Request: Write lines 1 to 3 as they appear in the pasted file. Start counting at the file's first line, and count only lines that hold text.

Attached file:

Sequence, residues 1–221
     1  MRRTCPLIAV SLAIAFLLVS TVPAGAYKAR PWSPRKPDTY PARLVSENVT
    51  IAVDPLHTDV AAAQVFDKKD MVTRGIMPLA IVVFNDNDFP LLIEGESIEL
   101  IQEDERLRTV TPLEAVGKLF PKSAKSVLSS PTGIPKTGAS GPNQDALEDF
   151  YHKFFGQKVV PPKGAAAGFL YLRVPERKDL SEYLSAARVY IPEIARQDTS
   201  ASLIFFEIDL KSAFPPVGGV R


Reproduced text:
Sequence, residues 1–221
     1  MRRTCPLIAV SLAIAFLLVS TVPAGAYKAR PWSPRKPDTY PARLVSENVT
    51  IAVDPLHTDV AAAQVFDKKD MVTRGIMPLA IVVFNDNDFP LLIEGESIEL